The exact manner of his demise was uncertain. The official version was that he died of “means unknown”. Some said that he starved himself to death. Others said that he was forcibly starved to death. Still others averred that he was hacked to death. Unfortunately his ghost did not come back to haunt Pontefract Castle to tell his side of the story.
Nevertheless, fans of the paranormal will not be disappointed when they visit the castle with the idea of doing a bit of ghost-hunting. A good place to start looking would be the underground magazine.
Originally this was the cellar of the Great Hall. During the English Civil War, it was used to store gunpowder. Prisoners were also kept here at that time, chained to the wall by the stairs. It must have been a most harrowing time for those unfortunate enough to be incarcerated here to be so near to such large amounts of explosive material. Presumably they observed a ‘No Smoking’ prohibition without being told.
Pontefract Castle Haunted
Steve Coulson is one of the custodians of the castle. Once, he experienced a close brush with paranormal phenomena in the underground magazine. One day, after taking a party of schoolchildren on an underground tour of the castle, he returned to his office. Then he heard a loud knocking. Off-hand, he thought that he had inadvertently left someone behind locked in the magazine. So he went back underground to unlock the door. He looked inside. There was nobody there. Later he asked a former custodian about it. Apparently the other custodian had also experienced something similar ghost knocking at the door.
Pontefract Castle Specter of the Black Monk
Ghosts at Pontefract Castle seem to be up and about even in daylight. A common apparition sighted during the late afternoon was that of a Black Monk.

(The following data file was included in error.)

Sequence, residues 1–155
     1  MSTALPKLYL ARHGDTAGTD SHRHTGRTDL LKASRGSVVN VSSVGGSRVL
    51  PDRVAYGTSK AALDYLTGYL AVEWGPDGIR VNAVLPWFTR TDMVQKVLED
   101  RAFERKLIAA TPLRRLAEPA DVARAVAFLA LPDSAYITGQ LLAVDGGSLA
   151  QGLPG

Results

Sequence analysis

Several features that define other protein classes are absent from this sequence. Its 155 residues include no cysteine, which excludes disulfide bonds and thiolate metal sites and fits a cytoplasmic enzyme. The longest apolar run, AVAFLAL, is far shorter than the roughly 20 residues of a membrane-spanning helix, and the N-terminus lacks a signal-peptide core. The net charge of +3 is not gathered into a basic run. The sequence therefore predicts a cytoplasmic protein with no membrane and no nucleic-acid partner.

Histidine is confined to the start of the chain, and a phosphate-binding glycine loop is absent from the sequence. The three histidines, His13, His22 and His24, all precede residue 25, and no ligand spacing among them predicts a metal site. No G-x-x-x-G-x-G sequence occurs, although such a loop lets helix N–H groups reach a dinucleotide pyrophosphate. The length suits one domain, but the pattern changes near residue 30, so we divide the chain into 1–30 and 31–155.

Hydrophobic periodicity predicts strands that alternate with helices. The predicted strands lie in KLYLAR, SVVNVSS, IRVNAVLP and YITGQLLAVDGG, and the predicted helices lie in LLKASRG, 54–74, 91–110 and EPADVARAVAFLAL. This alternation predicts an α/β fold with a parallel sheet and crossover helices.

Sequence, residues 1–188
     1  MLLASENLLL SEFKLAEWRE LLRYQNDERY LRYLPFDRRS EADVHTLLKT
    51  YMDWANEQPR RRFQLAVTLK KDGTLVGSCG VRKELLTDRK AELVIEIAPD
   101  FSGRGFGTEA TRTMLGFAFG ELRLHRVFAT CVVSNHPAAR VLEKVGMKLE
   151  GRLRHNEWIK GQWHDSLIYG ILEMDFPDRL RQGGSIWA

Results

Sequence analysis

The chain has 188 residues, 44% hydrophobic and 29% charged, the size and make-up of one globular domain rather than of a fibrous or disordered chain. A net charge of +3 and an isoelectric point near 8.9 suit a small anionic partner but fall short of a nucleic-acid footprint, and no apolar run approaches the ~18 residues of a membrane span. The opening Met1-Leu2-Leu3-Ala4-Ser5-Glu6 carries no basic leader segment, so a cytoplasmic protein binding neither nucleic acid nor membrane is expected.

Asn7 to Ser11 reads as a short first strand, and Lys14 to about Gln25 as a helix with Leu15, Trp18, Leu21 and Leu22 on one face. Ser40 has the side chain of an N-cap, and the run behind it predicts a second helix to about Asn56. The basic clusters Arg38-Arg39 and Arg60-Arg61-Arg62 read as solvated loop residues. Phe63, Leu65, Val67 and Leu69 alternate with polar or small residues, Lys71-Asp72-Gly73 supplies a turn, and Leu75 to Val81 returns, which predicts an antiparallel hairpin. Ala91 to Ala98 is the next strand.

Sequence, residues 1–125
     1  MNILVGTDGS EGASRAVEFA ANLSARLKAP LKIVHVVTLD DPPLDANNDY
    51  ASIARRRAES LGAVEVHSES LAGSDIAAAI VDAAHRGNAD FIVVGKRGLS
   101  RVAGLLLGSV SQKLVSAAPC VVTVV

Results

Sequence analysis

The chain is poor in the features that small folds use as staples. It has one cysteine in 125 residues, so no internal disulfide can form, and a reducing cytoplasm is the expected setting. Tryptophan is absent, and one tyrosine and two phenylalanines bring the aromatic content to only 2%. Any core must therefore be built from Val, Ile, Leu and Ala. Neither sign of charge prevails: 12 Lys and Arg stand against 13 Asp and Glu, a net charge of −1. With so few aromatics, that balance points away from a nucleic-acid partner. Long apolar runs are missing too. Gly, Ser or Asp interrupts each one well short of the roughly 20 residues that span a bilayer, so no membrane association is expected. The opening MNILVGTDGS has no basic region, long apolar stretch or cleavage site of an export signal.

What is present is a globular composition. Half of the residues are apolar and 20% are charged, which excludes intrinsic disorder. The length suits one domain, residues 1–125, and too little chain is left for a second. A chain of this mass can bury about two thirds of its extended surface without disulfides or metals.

The Gascoigne Tower is situated on the west side of the castle. Attached to the tower are the kitchens. The Royal Apartments are to the north-east, behind the Normal Chapel. Visitors from all over the world have reported seeing the Black Monk walking from the ruins of the kitchens towards the Queen’s Tower. This specter is always sighted going from west to east. No one has ever reported seeing it coming the other way.
There is no precise data on the identity of the Black Monk. In 1851, Victorian engineers found something interesting underground. They were working under what is now the Pontefract General Infirmary. They found a tiny chamber. This chamber was built by monks who literally wanted to get away from it all. The chamber was accessed by a spiral staircase. A skeleton was found in the ceiling. Perhaps some of these hermit monks found the gateway between the two realms and turned up in ethereal form in the temporal world.
The Black Monk is not the only ghostly man in the cloth sighted. At times, there is another ghostly monk dressed in gray. Sometimes, a ghostly woman, dressed in gray too, can be seen near the castle gates holding a lantern. There is no report of whether the two specters were having a ghostly rendezvous.
Pontefract Castle Apparition in the Mirror
At the castle, there is a Visitor’s Center. Here, visitors can get information on the castle as well as buy souvenirs. There is a mirror in the center. Some visitors have seen a reflection of a young girl in the mirror. She was said to be dressed in ragged clothes and had long brown hair. During those sightings there were no persons in the center that fitted the description of the reflection. Next to the center is the ladies toilet. Sometimes, a girl could be heard crying inside when no one was in the toilet. Some visitors said they have even heard ghostly screaming.
Lady visitors to Pontefract Castle are well-advised to have a companion or two with them when they feel the need to powder their noses.